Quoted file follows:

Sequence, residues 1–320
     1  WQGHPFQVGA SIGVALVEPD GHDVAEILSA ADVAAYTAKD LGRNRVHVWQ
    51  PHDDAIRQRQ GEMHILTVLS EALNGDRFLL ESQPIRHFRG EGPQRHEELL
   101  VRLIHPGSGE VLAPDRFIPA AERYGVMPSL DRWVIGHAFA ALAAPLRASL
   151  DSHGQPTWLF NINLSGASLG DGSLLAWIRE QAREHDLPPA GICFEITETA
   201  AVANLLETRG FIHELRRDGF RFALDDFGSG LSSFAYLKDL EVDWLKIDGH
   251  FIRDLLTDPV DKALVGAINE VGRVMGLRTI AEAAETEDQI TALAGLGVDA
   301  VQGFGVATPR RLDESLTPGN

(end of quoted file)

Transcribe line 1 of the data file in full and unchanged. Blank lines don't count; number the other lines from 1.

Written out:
Sequence, residues 1–320